She claimed to have been working for years as a “Russia and Eurasia fellow” at the Center for Strategic and International Studies in Washington, but Giles said that, if that were true, “I ought to have heard of her.”
CSIS spokesman Andrew Schwartz told the AP that “no one named Katie Jones works for us.”
Jones also claimed to have earned degrees in Russian studies from the University of Michigan, but the school said it was “unable to find anyone by this name earning these degrees from the university.”
The Jones account vanished from LinkedIn shortly after the AP contacted the network seeking comment. Messages sent to Jones herself, via LinkedIn and an associated AOL email account, went unreturned.
Several experts contacted by the AP said Jones’ profile picture appeared to have been created by a computer program.
“I’m convinced that it’s a fake face,” said Mario Klingemann, a German artist who has been experimenting for years with artificially generated portraits and says he has reviewed tens of thousands of such images. “It has all the hallmarks.”
Klingemann and other experts said the photo — a closely cropped portrait of a woman with blue-green eyes, copper-colored hair and an enigmatic smile — appeared to have been created using a family of dueling computer programs called generative adversarial networks, or GANs, that can create realistic-looking faces of entirely imaginary people. GANs, sometimes described as a form of artificial intelligence, have been the cause of increasing concern for policymakers already struggling to get a handle on digital disinformation. On Thursday, US lawmakers are due to hold their first hearing devoted primarily to the threat of artificially generated imagery .
Hao Li, who directs the Vision of Graphics Lab at the University of Southern California’s Institute for Creative Technologies, reeled off a list of digital tells that he believes show the Jones photo was created by a computer program, including inconsistencies around Jones’ eyes, the ethereal glow around her hair and smudge marks on her left cheek.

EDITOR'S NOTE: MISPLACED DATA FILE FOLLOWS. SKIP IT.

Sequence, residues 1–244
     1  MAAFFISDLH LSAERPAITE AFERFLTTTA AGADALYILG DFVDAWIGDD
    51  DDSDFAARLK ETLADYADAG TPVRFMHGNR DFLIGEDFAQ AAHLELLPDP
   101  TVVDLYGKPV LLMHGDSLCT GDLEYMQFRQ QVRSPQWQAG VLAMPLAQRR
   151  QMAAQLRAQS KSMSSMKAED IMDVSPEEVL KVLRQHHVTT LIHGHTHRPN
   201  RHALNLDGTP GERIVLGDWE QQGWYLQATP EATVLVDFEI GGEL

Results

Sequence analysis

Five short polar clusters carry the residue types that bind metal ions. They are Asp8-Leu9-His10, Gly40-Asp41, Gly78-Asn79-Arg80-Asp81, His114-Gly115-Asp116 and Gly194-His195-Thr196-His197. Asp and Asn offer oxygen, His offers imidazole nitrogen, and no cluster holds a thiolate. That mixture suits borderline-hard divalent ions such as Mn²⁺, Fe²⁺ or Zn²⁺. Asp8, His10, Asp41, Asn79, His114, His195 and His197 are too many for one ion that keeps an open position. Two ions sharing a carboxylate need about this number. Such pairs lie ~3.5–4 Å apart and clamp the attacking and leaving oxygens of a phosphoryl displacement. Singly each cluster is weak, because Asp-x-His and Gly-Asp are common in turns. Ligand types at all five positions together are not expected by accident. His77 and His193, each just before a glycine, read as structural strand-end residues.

“This is a typical GAN,” he said. “I’ll bet money on it.”
__
Online:
Test your ability to tell a real face from a fake one at: http://www.whichfaceisreal.com/
Generate your own deepfake faces at: https://thispersondoesnotexist.com


Bloomberg reporters in Turkey court over economy article

Updated 20 September 2019
0

Bloomberg reporters in Turkey court over economy article

  • They were among dozens of defendants, including some who had simply written jokes about the currency crisis on Twitter
  • Conspiracy theories are widely believed in Turkey

ISTANBUL: Two Bloomberg reporters went on trial in a Turkish court Friday, facing up to five years in prison over claims they tried to sabotage the economy with an article about last year’s currency crisis.
They were among dozens of defendants, including some who had simply written jokes about the currency crisis on Twitter.
The Bloomberg article was published in August 2018 on a dramatic day when the lira lost around a fifth of its value against the dollar. It said Turkey’s banking regulator agency, known as the BDDK, would hold an emergency meeting.
“For the BDDK to call a meeting was normal... I hardly understand why our story has received such a reaction,” Kerim Karakaya, who faces trial along with his colleague Fercan Yalinkilic, told the court.
Others in court appeared shocked to be on trial over throwaway comments on Twitter.
“If me and the others in this room can ruin the economy with tweets, then we are all toast,” said one of the defendants, Halit Tokkus.
A 22-year-old student, Bilalcan Sagir, was also in court over a tweet that read: “I doubt the brain of anyone who says there is no crisis. Come to your senses.”
He told the court: “I am a student. I posted tweets but I don’t know how I can influence the capital markets.”
After opening statements, the court said a new hearing would be held on January 17.
Conspiracy theories are widely believed in Turkey, and President Recep Tayyip Erdogan has often stoked suspicions of the foreign media, saying they are trying to undermine the country.
Erol Onderoglu, of Reporters Without Borders (RSF), who was attending the trial, said it “illustrates a new and worrying tendency that targets the coverage of economic affairs.”
He highlighted other recent cases, including a local journalist, Cengiz Erdinc, who was convicted of “damaging the reputation” of public bank Ziraat.
In July, the government-linked SETA think tank in Istanbul published a report listing certain Turkish journalists working foreign media, accusing them of using “anti-government language.”
RSF described the report as an “intimidation attempt” that “brings the harassment of foreign media correspondents to a new level.”